NFU Scotland has stepped back from the protest movement sweeping across Europe by the agriculture sector.

President Martin Kennedy spoke out after more than 100 vehicles, many flying the Union flag and banners, took to the streets around Westminster on Monday evening.

Mr Kennedy said the discontent in some parts of the UK is ‘fully understandable’ but stopped short of calling for colleagues in Scotland from protesting.

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He said: “As the threat of the green agenda, extra layers of bureaucracy, lax import controls, low retailer returns and decreasing support payments hit farmers on top of high input costs, the strain is bound to reach breaking point.

“I have been asked on many occasions if we should be taking the same type of action. At the moment, my answer to this is ‘no’. We need to ask ourselves exactly what would we be protesting about? What we cannot risk losing is consumer confidence and support for farmers, especially here in Scotland.

That does not stop us from making our case loud and clear. I have absolutely no doubt that the #FoodNeedsAFarmer rally we staged 14 months ago at Holyrood made a significant difference to the outcome of the Agriculture and Rural Communities (Scotland) Bill.”

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Mr Kennedy said the rally had galvanised resolve to make sure politicians were aware that food production should be ‘front and centre of any future agriculture policy’, but also encouraged more than 40 MSP to come out and speak to NFUS members.

He added: “Given the announcements we heard from the First Minister at our National AGM in Glasgow on February 9, it now looks like the Scottish Government has listened to many of NFU Scotland’s key priorities.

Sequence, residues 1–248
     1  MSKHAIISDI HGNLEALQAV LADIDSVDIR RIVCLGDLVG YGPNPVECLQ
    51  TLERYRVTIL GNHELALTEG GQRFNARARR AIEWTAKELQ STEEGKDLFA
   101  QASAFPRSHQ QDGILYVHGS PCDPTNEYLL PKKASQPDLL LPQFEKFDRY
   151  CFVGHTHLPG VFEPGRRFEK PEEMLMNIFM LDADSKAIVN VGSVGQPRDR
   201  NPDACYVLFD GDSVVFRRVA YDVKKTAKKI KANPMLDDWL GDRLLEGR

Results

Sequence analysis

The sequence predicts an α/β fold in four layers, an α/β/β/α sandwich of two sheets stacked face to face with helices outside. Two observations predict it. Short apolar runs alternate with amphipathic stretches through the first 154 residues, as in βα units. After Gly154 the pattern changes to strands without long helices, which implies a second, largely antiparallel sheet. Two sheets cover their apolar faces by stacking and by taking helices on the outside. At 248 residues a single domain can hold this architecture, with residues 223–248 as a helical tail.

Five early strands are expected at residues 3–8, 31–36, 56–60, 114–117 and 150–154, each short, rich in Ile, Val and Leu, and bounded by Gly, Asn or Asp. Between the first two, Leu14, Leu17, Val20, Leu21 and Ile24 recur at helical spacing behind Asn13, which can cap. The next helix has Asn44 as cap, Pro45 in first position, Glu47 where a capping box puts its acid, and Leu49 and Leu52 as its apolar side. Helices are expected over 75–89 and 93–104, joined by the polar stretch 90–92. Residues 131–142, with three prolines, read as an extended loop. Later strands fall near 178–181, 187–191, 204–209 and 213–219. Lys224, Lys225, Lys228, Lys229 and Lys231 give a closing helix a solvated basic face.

“The announcement that we will maintain the current levels of support up to 2027, and from 2027 we will still maintain at least 70% of support as direct support, has given a degree of confidence back to the industry.

“With the addition of maintaining a disadvantaged area support package alongside continuing coupled payments, this will also allow farmers and crofters to start to plan ahead again.”

Mr Kennedy said there is, of course, still a ‘significant amount of detail’ to come out in terms of the value and weightings of the proposed tier 2 measures.

However, knowing that the vast majority of support will be targeted at the first two tiers is very welcome indeed, Mr Kennedy added.

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He continued: “However, what we cannot forget is this is all dependent on the ringfenced funding package to continue to come up from Westminster, hence the reason we are in Westminster so often right now.

We are asking for this sum to be enhanced by at least another £170m to Scotland, delivered as a top-up with the same split across the tiers.

“This would not only recognise the decreasing value of our current support, but it would also put a significant cash injection into tiers 3 and 4 which is every bit as important, especially for the unsupported sectors.

“What was also heartening to hear from the First Minister was his language around growth, production, exports and value,” he continued.

“These are words that I’m not hearing very often from other senior politicians in the UK or Europe.”

Mr Kennedy concluded: “There is no doubt that there is a long way to go to ensure all farmers and crofters are in a profitable and sustainable position.

“But it’s plain to see that the importance of NFU Scotland’s lobbying is absolutely key to reaching that goal.”